sinus

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sinus,

cavity or hollow space in the body, usually filled with air or blood. In humans the paranasal sinuses, mucus-lined cavities in the bones of the face, are connected by passageways to the nose and probably help to warm and moisten inhaled air. When drainage from them is blocked, as after a cold, these sinuses often become infected, a condition called sinusitis. The accumulation of pus results in pressure, headaches, pain, and general discomfort. In invertebrates one of the spaces among the muscles and viscera through which blood returns to the heart is also known as a sinus.

sinus

(sÿ -nŭs) A semienclosed break along the borders of a lunar mare or in a scarp. The word is used in the approved name of such a feature on the Moon. (Latin: bay)

Sinus

 

in anatomy, a cavity, protrusion, or long closed channel. In vertebrates (including man), the term “sinus” refers to a channel filled with venous blood in the dura mater. The cavity in some cranial bones is also called a sinus. [23–1297–]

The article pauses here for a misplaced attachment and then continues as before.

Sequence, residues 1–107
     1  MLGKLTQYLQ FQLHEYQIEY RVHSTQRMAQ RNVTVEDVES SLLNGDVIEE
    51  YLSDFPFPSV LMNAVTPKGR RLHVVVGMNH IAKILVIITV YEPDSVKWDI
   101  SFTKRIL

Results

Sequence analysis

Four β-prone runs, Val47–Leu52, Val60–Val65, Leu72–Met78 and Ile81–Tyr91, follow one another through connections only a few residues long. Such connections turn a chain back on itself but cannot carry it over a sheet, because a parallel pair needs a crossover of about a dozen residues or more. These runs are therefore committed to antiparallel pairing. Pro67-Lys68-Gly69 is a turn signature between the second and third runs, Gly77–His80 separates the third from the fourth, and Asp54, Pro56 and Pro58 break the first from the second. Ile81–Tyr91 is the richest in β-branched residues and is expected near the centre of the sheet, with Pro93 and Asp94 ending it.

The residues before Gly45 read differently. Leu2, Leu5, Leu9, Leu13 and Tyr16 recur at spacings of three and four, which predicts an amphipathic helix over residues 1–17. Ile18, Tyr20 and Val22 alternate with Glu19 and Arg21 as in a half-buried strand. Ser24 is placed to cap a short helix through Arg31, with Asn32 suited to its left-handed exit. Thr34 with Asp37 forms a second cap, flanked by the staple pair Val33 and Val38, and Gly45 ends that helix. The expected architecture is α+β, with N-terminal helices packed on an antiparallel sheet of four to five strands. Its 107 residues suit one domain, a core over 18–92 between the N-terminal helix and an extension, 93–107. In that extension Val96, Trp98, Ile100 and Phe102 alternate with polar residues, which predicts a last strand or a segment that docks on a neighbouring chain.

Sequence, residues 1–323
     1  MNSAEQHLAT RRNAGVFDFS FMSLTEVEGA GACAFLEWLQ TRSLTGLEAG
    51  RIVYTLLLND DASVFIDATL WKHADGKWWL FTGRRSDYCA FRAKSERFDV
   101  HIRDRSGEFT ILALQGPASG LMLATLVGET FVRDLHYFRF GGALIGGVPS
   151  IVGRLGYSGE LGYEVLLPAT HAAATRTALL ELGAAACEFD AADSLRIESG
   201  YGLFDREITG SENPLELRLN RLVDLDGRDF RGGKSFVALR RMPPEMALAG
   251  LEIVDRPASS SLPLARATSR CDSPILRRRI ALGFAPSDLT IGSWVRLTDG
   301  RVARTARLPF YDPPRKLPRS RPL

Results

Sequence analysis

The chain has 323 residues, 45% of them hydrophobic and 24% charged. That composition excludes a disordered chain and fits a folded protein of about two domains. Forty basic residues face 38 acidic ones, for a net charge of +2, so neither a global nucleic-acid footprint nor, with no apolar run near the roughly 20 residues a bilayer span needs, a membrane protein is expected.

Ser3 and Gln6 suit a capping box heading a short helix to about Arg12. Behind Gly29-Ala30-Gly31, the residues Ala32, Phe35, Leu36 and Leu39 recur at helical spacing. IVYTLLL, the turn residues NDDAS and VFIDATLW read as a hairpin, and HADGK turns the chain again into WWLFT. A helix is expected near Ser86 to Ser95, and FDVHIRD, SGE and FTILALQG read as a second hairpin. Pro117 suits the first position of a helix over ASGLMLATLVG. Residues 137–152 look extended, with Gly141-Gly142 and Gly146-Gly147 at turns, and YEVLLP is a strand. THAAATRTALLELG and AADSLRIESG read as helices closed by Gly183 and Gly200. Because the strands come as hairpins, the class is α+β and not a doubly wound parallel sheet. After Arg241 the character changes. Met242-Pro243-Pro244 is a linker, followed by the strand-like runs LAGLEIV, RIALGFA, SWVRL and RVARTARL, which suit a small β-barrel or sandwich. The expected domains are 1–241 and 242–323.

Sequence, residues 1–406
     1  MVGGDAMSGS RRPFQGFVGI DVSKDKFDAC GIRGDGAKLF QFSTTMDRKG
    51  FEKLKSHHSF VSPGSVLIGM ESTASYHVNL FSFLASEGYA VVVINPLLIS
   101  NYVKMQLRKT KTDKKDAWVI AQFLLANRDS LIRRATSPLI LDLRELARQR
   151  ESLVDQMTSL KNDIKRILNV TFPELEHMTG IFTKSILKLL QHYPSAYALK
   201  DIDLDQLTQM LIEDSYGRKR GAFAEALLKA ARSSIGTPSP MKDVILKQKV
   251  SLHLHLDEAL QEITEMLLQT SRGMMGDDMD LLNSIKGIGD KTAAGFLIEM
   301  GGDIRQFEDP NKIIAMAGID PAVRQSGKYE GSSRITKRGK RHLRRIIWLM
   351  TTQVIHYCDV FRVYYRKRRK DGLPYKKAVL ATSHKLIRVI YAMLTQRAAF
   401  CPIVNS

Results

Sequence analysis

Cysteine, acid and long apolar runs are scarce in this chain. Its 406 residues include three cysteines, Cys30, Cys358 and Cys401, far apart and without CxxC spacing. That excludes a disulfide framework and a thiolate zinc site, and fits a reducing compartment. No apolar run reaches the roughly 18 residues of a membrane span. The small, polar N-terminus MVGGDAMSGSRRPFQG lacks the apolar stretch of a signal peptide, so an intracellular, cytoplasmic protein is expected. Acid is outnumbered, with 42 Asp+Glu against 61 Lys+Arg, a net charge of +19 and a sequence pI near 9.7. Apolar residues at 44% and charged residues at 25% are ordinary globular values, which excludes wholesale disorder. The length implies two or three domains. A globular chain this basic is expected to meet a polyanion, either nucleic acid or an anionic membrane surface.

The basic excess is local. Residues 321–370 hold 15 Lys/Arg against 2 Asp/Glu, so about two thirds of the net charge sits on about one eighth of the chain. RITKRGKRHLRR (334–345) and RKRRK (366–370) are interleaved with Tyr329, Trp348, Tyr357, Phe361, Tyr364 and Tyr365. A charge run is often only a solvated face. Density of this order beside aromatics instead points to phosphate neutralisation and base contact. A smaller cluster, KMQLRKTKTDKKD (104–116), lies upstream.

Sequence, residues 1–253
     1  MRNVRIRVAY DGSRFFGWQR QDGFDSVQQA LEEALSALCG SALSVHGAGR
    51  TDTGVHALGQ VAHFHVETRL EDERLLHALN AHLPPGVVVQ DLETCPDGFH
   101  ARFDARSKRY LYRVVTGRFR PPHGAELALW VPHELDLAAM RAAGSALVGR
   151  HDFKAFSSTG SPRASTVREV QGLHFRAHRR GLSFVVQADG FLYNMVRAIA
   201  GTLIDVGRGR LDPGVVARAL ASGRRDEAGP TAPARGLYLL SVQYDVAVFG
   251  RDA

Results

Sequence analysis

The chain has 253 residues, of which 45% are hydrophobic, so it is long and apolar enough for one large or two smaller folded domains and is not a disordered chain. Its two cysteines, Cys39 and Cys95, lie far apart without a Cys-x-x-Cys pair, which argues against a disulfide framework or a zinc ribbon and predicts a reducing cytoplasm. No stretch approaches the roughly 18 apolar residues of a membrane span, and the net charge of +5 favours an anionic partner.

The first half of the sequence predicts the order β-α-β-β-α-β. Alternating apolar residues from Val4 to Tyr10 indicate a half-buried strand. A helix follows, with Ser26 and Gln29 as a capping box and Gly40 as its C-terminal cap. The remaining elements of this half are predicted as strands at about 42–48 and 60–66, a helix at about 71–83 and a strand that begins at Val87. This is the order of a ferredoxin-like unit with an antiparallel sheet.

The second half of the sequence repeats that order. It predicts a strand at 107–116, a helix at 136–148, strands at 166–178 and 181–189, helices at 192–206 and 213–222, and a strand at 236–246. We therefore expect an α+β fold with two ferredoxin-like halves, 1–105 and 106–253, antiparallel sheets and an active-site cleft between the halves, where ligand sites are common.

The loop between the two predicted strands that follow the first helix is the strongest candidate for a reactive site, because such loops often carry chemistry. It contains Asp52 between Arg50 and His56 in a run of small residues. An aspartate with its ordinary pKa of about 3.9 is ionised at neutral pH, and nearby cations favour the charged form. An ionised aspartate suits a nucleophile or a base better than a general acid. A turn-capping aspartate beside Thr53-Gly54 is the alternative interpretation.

sinus

[′sī·nəs]
(biology)
A cavity, recess, or depression in an organ, tissue, or other part of an animal body.

sinus

1. Anatomy
a. any bodily cavity or hollow space
b. a large channel for venous blood, esp between the brain and the skull
c. any of the air cavities in the cranial bones
2. Pathol a passage leading to a cavity containing pus
3. Botany a small rounded notch between two lobes of a leaf, petal, etc.
4. an irregularly shaped cavity
References in periodicals archive ?
Moreover, several authors have determined that the epitympanum, sinus tympani, and middle ear cavity are areas of high risk for recurrent disease.
4) Our results indicate that it is not possible to obtain a clear view into the sinus tympani with either CWDM or ICWM via a facial recess approach unless an angled otoendoscope is used (figure 4).
Dimensions of the sinus tympani and its surgical access via a retrofacial approach.
Indications for a second-look procedure include (1) excessive bleeding or inflammation that prevents full visualization of cholesteatoma, (2) a suspicion that cholesteatoma has been only incompletely excised, especially in the sinus tympani, on the facial nerve, or on the ossicular chain, and (3) reconstruction of the ossicular chain in a less-inflamed environment.